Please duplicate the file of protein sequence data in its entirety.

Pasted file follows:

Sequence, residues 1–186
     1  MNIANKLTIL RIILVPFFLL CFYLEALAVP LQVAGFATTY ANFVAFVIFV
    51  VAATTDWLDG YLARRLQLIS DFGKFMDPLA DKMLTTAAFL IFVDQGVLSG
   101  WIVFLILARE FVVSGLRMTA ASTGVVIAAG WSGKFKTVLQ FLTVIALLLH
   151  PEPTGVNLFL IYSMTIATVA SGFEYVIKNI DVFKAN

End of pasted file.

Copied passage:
Sequence, residues 1–186
     1  MNIANKLTIL RIILVPFFLL CFYLEALAVP LQVAGFATTY ANFVAFVIFV
    51  VAATTDWLDG YLARRLQLIS DFGKFMDPLA DKMLTTAAFL IFVDQGVLSG
   101  WIVFLILARE FVVSGLRMTA ASTGVVIAAG WSGKFKTVLQ FLTVIALLLH
   151  PEPTGVNLFL IYSMTIATVA SGFEYVIKNI DVFKAN